And yet, I have children!  My kids drive me nuts with their constant fighting and whiny attitudes.  This baby in my belly  kicks the hardest as I’m trying to fall asleep.  But I wanted each of these people so much I couldn’t stand the wait to conceive each one.  My insides swell with love and pride when I see them grow and develop more into who God made them to be.  They also show me how bad I am at parenting.  Ladies without kids don’t know how bad they are at being a mom.  But I have a pretty good idea of my own shortcomings.  It’s a terrible familiarity that comes with getting just what I want.

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And another thing: I have a HOUSE.  What kind of American Dream is this?  It’s big and old and drafty and interesting.  I hate cleaning bathrooms, and the vacuuming only gets done when a cracker-crumb-bomb goes off in the living room. I changed our bedsheets this week, as I do diligently after every golden anniversary of a blue moon.  But I lost steam halfway through (pregnancy’s fault), and the mattresses lay bare until nightfall.  I actually used my last breath to pull out the sleeping bags for the girls for the night.  But my mother-in-law happened to be over, sent by the Lord HIMSELF, and kindly tucked in fresh sheets and blankets onto her grandchildrens’ beds.  But really? Am I that lame at this housekeeping thing?  And yet, I have a house, of which I do not feel worthy.  A house, of which I am the woman.  The “Alma de Casa,” as my husband says. Wow.  That’s a big deal.

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I have a  family, and a job description of homemaker.  I do my husband’s laundry for a living.  I socialize little girls and teach them about the value of “treating others the way you want to be treated.”  I have all the qualifications of a domestic servant – for my own home.  I can complain about my job, I guess.  We all do.  But if I complain enough, I’ll become more discontent with all of it.  Which makes “getting exactly what I want” absolutely  unbearable.

Some of the best sermons I’ve hear preach about this: stay the course.  Do not desert your post.  Stay in the place in which you are, when it all just feels like too much work.  I’m not talking about abusive situations.  I’m talking about the hard grinding work of keeping commitments, of nightly making the dinners, of wiping noses, and of keeping your focus to stay true to your marriage.  These hard choices makes for a stable home life in which to raise littles, and to keep husbands.  And it’s a huge mark of maturity to develop diligence.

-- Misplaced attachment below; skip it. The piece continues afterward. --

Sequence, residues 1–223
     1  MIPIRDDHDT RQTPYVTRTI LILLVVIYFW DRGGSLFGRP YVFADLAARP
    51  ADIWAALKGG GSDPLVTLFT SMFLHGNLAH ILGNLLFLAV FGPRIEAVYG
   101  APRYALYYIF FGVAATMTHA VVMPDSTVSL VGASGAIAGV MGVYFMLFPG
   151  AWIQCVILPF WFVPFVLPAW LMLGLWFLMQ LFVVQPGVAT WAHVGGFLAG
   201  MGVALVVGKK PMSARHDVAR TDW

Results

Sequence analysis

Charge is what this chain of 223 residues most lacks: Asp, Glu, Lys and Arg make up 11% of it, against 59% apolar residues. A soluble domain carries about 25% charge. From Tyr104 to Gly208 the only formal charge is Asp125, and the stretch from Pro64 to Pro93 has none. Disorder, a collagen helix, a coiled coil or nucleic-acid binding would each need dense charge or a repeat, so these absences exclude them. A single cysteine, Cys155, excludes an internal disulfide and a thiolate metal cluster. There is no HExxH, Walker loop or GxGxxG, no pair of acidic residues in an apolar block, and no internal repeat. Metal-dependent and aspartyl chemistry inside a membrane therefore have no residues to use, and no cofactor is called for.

But how?  Contentment is a big burly tool for this.  And I know we shouldn’t compare, but for the sake of getting outside of my head, I do sometimes.  I compare myself with women who don’t have what I have – just to remind myself that I have the things I want!  Glory to God!  And the things that I want are so much work!  Glory to God!  I choose to be content.  Because I want to be glad about getting the very things  I wanted so badly.

There is no guarantee any of us will get anything we want.  That girl in the pub was surprised and depressed that she didn’t have it yet.  And I pray she finds it.

But if I can see what I actually DO have, then I can use the tool of contentment to keep and enjoy my family, in all their seasons, in all their work and all their joy, seeing them as what they really are: a gift from God.

 

 

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Steph Lenox is a thirty-something wife/mother/writer. She writes to the mommy tribe, discovering that, in the end, it's the hard choices - and God's good grace - that feel way better than straight coffee and pastries and trash TV.